NY Post June 16, 2017 – The New York state Senate Ethics Committee marked a major accomplishment on Thursday: it met.
In its first sessions in eight years, member argued about whether the vice chairs of committees in the upper chamber deserve the bonuses they’re getting in addition to their $79,500 salaries. Critics say the bonuses are only supposed to go to actual committee chairs. After about an hour, the issue remained unresolved and was tabled for the next meeting. “We have no idea when that will be,” one Senate source said. “It could be next year. It could be eight years from now.”
The last time the committee met was in June 2009 when former Sen. John Sampson, a Brooklyn Democrat, was chair. He was convicted in 2015 of obstruction of justice and lying to federal agents about pocketing $440,000 from settlements when he served as a court-appointed referee in foreclosure proceedings. Sampson headed to prison last month to begin serving a five-year sentence.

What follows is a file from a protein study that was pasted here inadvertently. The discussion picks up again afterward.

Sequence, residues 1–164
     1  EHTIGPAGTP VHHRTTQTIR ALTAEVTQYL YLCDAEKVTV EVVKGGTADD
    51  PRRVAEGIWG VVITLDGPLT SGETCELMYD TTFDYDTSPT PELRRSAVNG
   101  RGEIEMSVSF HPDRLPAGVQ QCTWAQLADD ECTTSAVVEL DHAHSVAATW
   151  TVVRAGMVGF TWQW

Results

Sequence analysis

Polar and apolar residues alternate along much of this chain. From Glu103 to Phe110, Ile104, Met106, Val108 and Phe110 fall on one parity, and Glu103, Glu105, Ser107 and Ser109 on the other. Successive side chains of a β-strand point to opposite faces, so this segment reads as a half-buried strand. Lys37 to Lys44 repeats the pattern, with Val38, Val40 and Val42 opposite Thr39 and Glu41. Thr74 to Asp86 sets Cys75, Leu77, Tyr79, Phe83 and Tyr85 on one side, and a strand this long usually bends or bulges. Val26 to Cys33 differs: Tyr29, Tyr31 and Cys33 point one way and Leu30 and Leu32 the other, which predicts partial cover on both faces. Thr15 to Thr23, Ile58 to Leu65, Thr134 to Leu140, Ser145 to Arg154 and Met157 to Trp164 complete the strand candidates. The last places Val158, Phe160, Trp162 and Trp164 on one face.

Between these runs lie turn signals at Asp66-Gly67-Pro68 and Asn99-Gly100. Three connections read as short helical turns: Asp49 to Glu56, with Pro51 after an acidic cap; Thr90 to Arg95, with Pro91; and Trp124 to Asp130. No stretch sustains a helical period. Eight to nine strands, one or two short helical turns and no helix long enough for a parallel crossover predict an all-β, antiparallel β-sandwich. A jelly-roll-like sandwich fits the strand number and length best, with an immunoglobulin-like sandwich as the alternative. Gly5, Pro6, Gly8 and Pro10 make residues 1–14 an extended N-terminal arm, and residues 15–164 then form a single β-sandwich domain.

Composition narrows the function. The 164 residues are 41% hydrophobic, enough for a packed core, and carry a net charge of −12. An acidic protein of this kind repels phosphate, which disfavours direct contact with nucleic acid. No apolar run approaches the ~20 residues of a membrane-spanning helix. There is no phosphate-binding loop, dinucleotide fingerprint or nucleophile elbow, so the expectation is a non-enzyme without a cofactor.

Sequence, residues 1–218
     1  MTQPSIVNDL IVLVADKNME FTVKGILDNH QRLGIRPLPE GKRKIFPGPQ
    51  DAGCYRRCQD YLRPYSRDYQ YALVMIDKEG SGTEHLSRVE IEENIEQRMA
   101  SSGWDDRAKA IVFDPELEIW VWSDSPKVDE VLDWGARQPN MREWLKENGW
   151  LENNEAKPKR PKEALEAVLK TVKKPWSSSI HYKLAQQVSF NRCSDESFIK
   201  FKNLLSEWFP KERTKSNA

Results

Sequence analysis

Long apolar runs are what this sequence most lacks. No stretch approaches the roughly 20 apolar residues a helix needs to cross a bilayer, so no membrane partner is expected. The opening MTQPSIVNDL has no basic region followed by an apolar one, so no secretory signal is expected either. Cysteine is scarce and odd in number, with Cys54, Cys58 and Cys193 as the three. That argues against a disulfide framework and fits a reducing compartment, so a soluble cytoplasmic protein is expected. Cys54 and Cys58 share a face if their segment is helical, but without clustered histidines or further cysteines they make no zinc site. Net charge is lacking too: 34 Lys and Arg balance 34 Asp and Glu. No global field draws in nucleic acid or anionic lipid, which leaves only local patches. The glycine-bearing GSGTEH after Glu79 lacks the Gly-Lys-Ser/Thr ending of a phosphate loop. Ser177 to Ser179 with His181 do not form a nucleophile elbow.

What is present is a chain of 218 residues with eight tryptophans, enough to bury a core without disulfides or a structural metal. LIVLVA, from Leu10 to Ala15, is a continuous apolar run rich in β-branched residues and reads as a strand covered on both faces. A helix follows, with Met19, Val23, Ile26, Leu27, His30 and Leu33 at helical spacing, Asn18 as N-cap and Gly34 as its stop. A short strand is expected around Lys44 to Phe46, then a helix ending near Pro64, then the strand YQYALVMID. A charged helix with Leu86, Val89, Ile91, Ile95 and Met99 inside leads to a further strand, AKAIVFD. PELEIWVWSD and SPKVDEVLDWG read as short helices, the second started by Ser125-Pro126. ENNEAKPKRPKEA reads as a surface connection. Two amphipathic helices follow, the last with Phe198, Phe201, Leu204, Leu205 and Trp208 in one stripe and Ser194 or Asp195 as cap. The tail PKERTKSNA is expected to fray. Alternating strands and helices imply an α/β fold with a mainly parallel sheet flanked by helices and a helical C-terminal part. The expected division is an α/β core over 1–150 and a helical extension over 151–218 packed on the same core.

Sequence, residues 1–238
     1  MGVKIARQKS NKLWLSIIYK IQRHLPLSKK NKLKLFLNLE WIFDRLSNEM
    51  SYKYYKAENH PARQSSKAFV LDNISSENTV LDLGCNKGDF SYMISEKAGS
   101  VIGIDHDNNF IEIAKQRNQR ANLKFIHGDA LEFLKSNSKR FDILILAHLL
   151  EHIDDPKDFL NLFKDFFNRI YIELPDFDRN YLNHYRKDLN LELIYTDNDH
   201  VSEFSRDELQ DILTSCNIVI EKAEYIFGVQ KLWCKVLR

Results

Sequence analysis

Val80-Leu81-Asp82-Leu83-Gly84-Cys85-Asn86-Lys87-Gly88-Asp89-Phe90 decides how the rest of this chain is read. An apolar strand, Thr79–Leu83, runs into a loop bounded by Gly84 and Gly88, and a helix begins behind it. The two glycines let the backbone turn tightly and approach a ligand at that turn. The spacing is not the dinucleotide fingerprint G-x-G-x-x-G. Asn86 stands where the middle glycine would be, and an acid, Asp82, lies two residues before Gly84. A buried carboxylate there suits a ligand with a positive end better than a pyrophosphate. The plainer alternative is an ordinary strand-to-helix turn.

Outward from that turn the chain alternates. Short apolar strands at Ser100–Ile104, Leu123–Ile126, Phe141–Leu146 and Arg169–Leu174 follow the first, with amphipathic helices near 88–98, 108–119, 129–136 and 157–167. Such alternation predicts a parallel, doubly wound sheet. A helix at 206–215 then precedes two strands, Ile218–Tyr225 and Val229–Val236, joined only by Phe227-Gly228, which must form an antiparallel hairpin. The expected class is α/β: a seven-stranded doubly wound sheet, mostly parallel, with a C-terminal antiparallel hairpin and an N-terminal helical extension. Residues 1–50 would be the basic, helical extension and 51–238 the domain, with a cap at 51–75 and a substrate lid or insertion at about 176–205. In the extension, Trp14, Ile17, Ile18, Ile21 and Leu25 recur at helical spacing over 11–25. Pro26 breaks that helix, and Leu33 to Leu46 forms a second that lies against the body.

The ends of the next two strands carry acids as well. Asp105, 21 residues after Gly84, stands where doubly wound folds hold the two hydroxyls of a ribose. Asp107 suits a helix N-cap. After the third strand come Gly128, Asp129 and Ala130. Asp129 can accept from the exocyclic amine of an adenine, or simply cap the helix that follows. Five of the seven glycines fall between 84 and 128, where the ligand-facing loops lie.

During Senate Majority Leader Dean Skelos’ corruption trial, also in 2015, Sen. Tony Avella (D-Queens) testified that he was chair of the committee for a while but was ousted when he tried to hold a hearing.
Legislative rules say committees must meet when bills are referred to them. None have been sent to the ethics panel since Sampson was chair. Thursday’s meeting lasted about an hour and, aside from the discussion of bonuses, mostly consisted of minor resolutions and a brief discussion on what a positive step the group had taken by finally meeting.